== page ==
The Body at Prayer

by Vinita Hampton Wright on 07/21/2014

man with arms raised in praise

As a Chicago resident, I find that I have more freedom of movement during the warmer months, generally June through September. No multiple layers of sweaters and scarves. No heavy snow boots and gloves I must keep track of. Much easier to move in blue jeans and a T-shirt and sockless sandals.

So, while we’re exploring prayer this summer, it makes sense to talk about body movement and how it is—or can be—related to prayer. We’ve already touched on the subject of walking and pilgrimage. Let’s focus even more precisely on the body itself.

Because I’m quite new to this topic, I turned to a couple of books that were helpful.

50 Ways to Pray: Practices from Many Traditions and Times by Teresa A. Blythe. The book is exactly what the title describes, and some of these prayers involve attention to body and movement.
God in Your Body: Kabbalah, Mindfulness and Embodied Spiritual Practice by Jay Michaelson. The author explores how Jewish tradition and its various prayer practices help us work with our bodies and truly embody our spirituality.

Both authors ask that we slow down, find places to pray and positions in which to pray that enhance our ability to notice our bodies—arms, legs, breath, heartbeat—and pay attention to what our bodies tell us.

This can be difficult for some of us who did not grow up in cultures that celebrate the body and give it any credit for goodness or wisdom. Some of us are accustomed to approaching faith first through the mind, then maybe through the emotions, and last of all through our physical selves. I have to include a quote here from Michaelson: “Thinking is a gift from God, but it doesn’t help you make love, it doesn’t help you dance—and it doesn’t help you pray in an ecstatic way.” (p. 29) Amen to that!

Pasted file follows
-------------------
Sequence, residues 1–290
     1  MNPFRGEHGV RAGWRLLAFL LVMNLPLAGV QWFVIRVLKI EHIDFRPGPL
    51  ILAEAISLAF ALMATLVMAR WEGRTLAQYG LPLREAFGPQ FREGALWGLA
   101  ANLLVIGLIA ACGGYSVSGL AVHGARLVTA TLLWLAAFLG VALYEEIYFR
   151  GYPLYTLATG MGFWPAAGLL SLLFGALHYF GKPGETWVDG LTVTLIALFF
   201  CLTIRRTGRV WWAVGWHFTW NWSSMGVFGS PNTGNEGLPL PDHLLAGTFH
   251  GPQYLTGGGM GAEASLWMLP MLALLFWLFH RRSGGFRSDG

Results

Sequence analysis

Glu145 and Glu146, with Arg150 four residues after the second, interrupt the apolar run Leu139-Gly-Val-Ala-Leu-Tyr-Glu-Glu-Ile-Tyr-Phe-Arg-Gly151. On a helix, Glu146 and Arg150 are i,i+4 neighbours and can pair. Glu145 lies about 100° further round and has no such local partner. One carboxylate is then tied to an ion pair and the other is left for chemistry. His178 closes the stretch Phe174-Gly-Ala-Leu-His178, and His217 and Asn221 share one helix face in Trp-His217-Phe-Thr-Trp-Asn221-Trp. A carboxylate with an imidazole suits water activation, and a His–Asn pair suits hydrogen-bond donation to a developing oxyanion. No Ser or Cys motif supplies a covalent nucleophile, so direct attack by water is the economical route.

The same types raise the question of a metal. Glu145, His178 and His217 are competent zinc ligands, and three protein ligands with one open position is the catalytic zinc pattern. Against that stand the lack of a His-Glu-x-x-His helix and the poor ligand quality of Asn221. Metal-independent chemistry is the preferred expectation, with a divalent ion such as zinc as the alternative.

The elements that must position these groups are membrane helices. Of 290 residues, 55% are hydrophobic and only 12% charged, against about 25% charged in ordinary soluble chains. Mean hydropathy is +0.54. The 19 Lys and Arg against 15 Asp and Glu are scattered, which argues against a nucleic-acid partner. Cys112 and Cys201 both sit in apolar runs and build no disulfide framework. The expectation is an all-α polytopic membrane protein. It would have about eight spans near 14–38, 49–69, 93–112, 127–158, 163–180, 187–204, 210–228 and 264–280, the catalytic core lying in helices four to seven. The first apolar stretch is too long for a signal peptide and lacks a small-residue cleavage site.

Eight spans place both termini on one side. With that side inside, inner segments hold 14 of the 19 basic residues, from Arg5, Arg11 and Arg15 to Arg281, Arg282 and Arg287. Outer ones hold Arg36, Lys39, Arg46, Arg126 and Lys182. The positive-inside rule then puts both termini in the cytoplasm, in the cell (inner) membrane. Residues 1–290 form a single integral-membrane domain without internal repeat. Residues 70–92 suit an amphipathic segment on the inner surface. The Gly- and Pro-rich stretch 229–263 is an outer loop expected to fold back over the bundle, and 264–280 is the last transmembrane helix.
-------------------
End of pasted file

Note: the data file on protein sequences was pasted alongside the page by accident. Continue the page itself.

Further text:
To begin “embodied” prayer, I encourage you to slow down several times this week. Slow down when you’re walking, when you’re eating, when you’re busy at a task, when you’re bathing, even when you’re using the bathroom (yes—there are Jewish blessings for that bodily function!). Slow down in each case, enough that you can pay attention to what your body is doing and how that feels.

Then try to listen to what your body is telling you. Are you stressed? Which muscles tell you that? Are you tired or excited or angry or brimming with affection toward someone? How does your body respond?

Slowing down takes practice, and I confess that this is rather new to me, so I’m learning along with everyone else. But I’m willing to give it a try.

  • How does your body help your spiritual life (if it does)?
  • How does your body hinder your spiritual life (if it does)?


Friday Reflection: Be Still

by Vinita Hampton Wright on 07/18/2014

Praying through the Summer with Vinita Hampton Wright

Today’s reflection includes a few suggestions for how to be still in a fast-paced world. What do you like to do to be still?


Three Reasons It’s Hard to Be Still

by Vinita Hampton Wright on 07/16/2014

3 reasons it is hard to be still - still waters

We have been conditioned to feel guilty whenever we are not “productive.”

Stillness, even for the purpose of rest or prayer, can feel like wasted time to someone who lives in a world that values wealth, competition, high productivity, full schedules, and general self-importance. If we stare off into space for half an hour—and fail even to take notes on the thoughts that come to mind—that’s half an hour lost. The writer must always be recording and reflecting; the executive must always be strategizing. There’s no such thing as being “off” in such a culture. When we are stranded in traffic, we panic if there’s no device by which we can check the news, return calls, answer e-mail, or download a song or television show while we wait.